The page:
East vs West: The Sequel (and Anpan continued)

I was back in The Big Smoke again for the long weekend and let me say, I’ve noticed some changes I didn’t mention in my East vs West konbini [コンビニ] column a few weeks back.

Maybe it’s because I’m staying in a different part of the city, but damn man…

My two, big gripes:

Number 1:

What do you need to do to find an anpan [あんパン], sweet red bean paste ball of doughy pleasure or the crispy, sugary taste of melon pan [メロンパン] around here?!

Easy answer: walk.

And walk.

And walk.

In fact, I sang to myself as I walked: “I would walk 500 miles…” And I nearly bloody did to get what I wanted. I also discovered the shelves are almost bare on the weekends and public holidays, but during the week they’re loaded and almost groaning in protest.

Lesson learned: if you are looking for anpan or melon-pan during a weekend or public holiday, forget it and be content with something else from the bread range at konbini.

Number 2:

Many of the inner city konbini do not have toilet facilities. I don’t know if it’s because of the high population density and thus they assume there is more chance that there are some people who are grots who will foul up the toilet, but it’s most inconvenient… and therefore, the name, ‘konbini,’ is not really true here.

Lesson learned: go to the toilet before you leave your hotel.


I have a third issue with konbini in Tokyo:

Number 3:

The price.

Now konbini are found all over Japan and although I understand there would be some small differences due to region and food availability etc. I do not believe that prices should be any different.

But they are.

Anpan continues to p*ss me off/haunt me/taunt me because not only is it smaller as I mentioned a few weeks back, but it costs more. Like 118 yen instead of 100.


Mind you, I should mention the fact that it’s a 7-Premium product which are products that pursue seven (fancy that!) goals including #5 Universal design and #7 Reasonable prices.

I find these two factors highly amusing because if the product isn’t in Hiroshima than it’s not universal and if it’s smaller, but more expensive, it’s not reasonable pricing.

Continuing with the anpan theme (I think I have a slight obsession)…

Mochi mochi koshi an donut [もちもちこしあんドーナツ]

While at 7-Eleven in Tokyo I discovered a new mochi mochi koshi an donut [もちもちこしあんドーナツ], which I got all excited about and actually did a little jig in the aisle.

This drew a few looks, but I suspect this was because of my outfit, not because anyone thought I was a weirdo who didn’t care where I danced.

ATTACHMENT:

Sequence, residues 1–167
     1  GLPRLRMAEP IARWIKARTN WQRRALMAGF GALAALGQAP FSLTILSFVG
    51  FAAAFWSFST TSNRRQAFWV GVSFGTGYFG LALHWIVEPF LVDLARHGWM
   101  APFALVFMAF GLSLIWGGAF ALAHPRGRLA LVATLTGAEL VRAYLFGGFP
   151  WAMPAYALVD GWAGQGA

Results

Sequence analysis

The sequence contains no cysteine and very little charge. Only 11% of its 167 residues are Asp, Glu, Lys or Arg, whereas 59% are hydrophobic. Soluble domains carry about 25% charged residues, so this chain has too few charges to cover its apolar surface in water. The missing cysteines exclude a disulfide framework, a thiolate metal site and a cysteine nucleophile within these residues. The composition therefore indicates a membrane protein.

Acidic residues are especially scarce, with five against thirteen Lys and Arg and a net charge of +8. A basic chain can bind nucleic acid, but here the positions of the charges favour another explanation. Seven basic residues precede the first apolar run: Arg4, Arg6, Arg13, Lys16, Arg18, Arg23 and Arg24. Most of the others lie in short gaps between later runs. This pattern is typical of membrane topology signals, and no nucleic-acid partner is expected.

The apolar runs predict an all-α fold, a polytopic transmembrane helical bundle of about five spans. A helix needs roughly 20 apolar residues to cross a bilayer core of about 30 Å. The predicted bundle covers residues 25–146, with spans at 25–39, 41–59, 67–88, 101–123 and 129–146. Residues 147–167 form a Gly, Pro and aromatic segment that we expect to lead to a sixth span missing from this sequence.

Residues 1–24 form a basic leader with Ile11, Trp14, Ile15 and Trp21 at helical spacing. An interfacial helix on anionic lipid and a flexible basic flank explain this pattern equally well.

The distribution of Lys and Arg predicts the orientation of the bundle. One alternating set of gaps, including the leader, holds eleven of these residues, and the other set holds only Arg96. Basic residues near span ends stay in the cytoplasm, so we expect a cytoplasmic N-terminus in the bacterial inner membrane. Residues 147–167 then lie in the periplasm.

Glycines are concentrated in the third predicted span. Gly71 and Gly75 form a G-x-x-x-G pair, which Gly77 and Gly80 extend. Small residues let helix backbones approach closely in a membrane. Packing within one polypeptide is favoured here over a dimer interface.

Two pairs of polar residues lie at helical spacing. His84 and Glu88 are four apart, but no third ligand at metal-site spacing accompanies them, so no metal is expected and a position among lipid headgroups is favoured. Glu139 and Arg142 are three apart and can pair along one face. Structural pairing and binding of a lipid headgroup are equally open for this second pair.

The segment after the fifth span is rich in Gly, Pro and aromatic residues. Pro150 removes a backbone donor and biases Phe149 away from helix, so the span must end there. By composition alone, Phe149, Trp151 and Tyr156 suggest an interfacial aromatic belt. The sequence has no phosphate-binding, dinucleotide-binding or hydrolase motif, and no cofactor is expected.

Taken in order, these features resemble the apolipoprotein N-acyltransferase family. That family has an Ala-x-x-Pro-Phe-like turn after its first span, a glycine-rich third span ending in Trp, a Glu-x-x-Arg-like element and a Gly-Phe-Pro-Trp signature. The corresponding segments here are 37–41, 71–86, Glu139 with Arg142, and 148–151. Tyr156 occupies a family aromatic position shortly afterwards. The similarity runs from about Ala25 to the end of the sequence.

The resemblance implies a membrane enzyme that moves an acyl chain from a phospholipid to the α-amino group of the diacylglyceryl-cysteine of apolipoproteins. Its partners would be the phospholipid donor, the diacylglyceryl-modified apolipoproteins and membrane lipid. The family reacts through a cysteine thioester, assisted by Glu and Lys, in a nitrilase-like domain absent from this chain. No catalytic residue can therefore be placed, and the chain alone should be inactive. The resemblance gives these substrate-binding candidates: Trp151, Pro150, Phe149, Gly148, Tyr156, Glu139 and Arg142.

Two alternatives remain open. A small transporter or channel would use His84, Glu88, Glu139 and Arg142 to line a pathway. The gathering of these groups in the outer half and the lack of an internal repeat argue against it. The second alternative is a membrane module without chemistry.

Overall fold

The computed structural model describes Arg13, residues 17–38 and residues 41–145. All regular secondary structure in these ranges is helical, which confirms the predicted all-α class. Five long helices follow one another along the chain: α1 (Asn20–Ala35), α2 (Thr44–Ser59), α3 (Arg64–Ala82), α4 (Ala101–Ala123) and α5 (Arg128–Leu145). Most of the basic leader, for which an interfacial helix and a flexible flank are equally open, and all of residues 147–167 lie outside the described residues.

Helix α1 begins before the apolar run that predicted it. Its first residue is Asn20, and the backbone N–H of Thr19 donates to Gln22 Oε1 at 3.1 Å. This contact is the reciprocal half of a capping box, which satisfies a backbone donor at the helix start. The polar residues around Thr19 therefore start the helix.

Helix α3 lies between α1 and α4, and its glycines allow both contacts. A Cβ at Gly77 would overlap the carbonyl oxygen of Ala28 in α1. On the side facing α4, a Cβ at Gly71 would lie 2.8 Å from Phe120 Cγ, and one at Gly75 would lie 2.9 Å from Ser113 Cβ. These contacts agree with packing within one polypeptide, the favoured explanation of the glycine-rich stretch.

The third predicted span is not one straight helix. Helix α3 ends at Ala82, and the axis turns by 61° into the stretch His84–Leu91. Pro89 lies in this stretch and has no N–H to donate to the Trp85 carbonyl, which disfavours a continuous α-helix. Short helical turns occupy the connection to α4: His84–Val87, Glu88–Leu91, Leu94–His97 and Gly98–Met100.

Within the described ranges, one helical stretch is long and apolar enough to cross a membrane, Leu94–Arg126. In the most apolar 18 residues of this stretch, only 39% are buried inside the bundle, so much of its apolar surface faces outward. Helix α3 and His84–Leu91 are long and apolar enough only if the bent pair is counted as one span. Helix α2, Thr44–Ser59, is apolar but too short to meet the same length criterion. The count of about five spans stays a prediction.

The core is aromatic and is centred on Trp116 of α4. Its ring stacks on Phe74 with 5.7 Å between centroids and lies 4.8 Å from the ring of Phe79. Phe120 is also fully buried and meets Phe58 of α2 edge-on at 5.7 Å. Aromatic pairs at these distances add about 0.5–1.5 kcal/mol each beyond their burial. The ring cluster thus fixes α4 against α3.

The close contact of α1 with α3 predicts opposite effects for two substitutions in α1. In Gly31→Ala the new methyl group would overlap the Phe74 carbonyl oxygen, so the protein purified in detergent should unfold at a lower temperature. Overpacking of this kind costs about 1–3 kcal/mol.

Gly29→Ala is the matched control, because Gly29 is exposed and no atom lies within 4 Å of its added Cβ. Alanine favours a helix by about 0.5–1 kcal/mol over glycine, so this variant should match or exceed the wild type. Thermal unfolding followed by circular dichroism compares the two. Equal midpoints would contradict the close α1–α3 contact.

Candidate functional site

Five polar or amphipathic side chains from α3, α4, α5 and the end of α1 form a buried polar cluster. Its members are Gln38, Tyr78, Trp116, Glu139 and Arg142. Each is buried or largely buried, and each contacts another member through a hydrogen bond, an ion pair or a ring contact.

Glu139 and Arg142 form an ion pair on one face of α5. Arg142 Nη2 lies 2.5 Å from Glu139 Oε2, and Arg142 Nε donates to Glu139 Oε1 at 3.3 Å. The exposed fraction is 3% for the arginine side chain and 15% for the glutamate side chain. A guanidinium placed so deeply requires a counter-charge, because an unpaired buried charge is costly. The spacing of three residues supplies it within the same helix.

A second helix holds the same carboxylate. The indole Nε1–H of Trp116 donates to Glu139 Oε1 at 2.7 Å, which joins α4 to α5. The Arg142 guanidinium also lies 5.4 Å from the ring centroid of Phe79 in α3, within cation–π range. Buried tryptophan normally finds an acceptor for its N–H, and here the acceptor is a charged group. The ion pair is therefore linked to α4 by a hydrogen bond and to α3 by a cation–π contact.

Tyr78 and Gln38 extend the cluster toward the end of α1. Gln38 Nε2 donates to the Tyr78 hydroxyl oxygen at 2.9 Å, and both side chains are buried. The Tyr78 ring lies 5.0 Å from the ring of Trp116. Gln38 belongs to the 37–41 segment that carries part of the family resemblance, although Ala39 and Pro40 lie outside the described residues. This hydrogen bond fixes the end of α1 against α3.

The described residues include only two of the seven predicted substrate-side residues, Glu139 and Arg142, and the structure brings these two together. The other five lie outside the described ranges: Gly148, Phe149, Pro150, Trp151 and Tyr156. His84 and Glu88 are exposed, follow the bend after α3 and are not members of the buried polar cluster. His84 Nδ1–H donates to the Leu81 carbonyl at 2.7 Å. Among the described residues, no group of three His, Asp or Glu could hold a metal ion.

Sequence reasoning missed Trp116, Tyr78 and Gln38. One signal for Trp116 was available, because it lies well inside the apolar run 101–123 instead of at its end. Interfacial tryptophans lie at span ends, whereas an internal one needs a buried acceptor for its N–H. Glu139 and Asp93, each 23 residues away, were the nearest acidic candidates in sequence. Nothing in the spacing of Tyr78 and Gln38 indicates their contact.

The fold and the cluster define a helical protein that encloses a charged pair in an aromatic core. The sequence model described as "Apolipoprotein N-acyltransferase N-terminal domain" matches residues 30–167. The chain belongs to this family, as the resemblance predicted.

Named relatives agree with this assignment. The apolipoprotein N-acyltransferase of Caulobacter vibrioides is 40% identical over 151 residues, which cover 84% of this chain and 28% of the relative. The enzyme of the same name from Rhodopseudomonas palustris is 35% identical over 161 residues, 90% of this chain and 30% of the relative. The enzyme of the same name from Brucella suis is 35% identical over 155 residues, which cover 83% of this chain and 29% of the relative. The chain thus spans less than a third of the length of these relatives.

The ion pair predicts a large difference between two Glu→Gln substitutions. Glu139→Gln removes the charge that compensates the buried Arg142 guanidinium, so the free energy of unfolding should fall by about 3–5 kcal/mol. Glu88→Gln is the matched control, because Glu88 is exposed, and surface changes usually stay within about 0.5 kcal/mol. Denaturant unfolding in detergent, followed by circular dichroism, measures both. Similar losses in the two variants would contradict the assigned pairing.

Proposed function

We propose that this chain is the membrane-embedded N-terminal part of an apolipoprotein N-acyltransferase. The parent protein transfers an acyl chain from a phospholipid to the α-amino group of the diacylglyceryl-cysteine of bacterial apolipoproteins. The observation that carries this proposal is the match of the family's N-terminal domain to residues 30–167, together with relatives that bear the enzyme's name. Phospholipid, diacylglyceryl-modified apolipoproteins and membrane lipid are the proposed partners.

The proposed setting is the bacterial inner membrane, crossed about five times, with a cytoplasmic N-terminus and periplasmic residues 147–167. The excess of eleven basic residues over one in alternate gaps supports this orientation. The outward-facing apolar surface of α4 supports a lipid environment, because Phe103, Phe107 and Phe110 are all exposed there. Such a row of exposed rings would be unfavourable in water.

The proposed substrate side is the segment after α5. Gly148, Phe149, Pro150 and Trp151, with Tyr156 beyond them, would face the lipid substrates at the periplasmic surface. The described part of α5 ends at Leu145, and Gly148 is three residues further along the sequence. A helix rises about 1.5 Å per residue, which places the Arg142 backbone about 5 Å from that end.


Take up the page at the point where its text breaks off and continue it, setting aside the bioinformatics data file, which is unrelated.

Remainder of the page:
Yes, I was wearing this.

I was torn between the ordinary anpan and the (Dough)nut of Pleasure because I wasn’t sure if I would be able to find it back in Hiroshima. I ended up going for the ordinary

(not something I usually do!) one and took a chance on finding it in
Hiroshima, which I can happily report, I did. And yes, it is delicious.

Try it.

Another thing I should point out, is that the ordinary anpan in Tokyo seems to only come in koshi an [こしあん] which is the smooth type of strained bean paste. This is disappointing because I like the chunky tsubu [つぶ]. If this is the only type available in the Tokyo area, I can’t help but feel the people are missing out on something vital to their lives…

Anyway, they’re just a few of the main observations I made during my exploration of konbini in Tokyo.

I also spotted (I feel like a bird watcher) a Mini Stop in my neighbourhood, although these are generally few and far between in comparison to the other konbini. They do boast something unique though: a kitchen where fresh meals are prepared. I may be a konbini junkie, I have to say that the words, ‘fresh,’ and ‘konbini,’ rarely go together. Even I have to admit that! I know some Daily Yamazaki branches also have a kitchen, but theirs is more about bakery-related products and fresh sandwiches. Still… it is an option and a good choice if you can feel your arteries hardening with every mouthful of konbini food you take.

On a completely unrelated topic, I managed to snap two photos of the champon [ちゃんぽん], that Nagasaki noodle dish I spoke of last week. I was lucky enough to find it hiding in its natural habitat which I hadn’t been able to do previously because it’s super popular.

Inside the champon


That’s all for this week. I’m off to start writing next week’s column which is about some of the Halloween products I’ve discovered and tasted.

Enjoy your week!

Jade Brischke

Jade first visited Hiroshima with a group of her students from Australia and after falling in love with the city, vowed that one day she would return to live and work. It seems dreams really do come true! When she's not writing she's out and about with her camera, walking and exploring the streets or some may say, wandering aimlessly. She, however, doesn't believe any wandering is aimless. Jade blogs regularly at jackcrispy.com.